Reflections on Wealth

One Myth of “Fiscal Conservatism.” — There is a vast difference between saying, on the one hand, that the free market is intrinsic to liberty, which it certainly is, and saying, on the other hand, that the free market is a cause and guarantor of liberty. The free market, i.e., unrestricted voluntarism in trade, causes wealth; but wealth does not cause or maintain the free market. We might go further, and observe that every practical good, as it reaches maturity, develops and drops the seeds of its own destruction. The great wealth production inherent in liberty may well be the seed of freedom’s demise, or perhaps the beautiful flower within which dark seeds are formed.

One Myth of “Needs.” — Socialist demagogues of the Alexandria Ocasio-Cortez sort — rabble-rousers who are too naïvely power-hungry to consider how their words will come back to haunt them, like the pigs of Animal Farm — tend to appeal to their audiences by saying things like, “Nobody needs a billion dollars.” (They used to say “a million,” but inflation has priced populist bromides into silliness and rhetorical irrelevance.) In so speaking, they are attempting to work a sort of moral alchemy, converting the “common man’s” sin of envy into the virtue of righteousness. The problem is that in a relatively free society, this moral alchemy fails, because too many members of the progressive audience are themselves wealthy, or at least have realistic aspirations of soon joining the wealthy stratum of society, such that the envious origins of socialist rhetoric sound like a threat, rather than like the condescending demagoguery they are intended to be.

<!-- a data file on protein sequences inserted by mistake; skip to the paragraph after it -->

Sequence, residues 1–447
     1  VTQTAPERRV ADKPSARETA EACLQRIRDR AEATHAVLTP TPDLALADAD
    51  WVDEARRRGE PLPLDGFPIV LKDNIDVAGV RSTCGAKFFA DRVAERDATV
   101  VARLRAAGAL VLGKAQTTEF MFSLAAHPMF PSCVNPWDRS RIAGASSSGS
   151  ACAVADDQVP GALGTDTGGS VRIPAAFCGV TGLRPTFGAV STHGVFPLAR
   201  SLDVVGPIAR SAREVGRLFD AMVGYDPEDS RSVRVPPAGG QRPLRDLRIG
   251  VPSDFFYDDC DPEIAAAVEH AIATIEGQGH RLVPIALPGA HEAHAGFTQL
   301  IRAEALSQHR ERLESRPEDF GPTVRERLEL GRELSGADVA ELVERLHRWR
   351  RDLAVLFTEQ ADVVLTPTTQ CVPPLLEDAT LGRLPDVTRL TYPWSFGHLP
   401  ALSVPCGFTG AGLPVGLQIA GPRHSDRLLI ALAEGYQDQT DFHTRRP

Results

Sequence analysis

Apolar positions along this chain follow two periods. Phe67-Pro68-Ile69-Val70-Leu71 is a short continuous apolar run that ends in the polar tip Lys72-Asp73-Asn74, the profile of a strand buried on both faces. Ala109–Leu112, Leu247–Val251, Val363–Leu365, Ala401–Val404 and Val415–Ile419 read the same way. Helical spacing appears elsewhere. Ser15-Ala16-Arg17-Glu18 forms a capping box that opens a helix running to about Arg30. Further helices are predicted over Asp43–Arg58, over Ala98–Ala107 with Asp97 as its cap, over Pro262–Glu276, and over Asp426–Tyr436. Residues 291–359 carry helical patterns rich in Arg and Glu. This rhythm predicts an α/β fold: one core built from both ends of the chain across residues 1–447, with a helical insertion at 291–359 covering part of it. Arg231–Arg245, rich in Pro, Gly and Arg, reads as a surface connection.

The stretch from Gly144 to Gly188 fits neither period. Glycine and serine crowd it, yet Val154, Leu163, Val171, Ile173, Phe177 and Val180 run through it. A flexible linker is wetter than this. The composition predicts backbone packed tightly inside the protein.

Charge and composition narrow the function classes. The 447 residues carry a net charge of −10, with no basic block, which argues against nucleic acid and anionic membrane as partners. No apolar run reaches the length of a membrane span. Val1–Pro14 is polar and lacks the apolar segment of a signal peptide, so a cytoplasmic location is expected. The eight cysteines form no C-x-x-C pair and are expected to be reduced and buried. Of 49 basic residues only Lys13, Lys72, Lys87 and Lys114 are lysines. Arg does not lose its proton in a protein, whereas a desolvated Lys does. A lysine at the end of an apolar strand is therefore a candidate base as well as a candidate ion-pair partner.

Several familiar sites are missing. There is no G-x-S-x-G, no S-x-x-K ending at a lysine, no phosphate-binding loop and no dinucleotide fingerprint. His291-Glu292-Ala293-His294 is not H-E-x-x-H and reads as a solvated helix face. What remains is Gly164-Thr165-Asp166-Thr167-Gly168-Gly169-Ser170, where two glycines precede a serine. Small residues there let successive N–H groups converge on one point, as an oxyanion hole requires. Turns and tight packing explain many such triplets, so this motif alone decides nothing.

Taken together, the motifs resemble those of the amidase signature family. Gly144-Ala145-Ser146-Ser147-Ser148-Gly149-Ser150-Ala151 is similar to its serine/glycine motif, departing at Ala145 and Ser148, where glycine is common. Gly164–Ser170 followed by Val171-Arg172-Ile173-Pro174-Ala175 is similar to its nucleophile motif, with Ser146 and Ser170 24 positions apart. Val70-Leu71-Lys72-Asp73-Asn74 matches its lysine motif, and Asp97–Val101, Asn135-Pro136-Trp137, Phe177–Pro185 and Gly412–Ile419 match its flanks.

“Nobody needs X” only works as a rallying cry among people who neither have nor may realistically aspire to have X. This is why progressives in perennially poor nations dedicate themselves, against all evidence, to persuading the masses to harbor a little hope, whereas progressives in perennially wealthy nations dedicate themselves, against all evidence, to persuading the masses that hope is futile. In other words, in decrepit tyrannies, progressives try to strike an optimistic pose, whereas in vibrant advanced societies, progressives project a constant mood of forced, artificial bitterness. Their goals are the same, but the latter group sounds more like tyrants, i.e., people who despise other people’s happiness and wish to destroy it.


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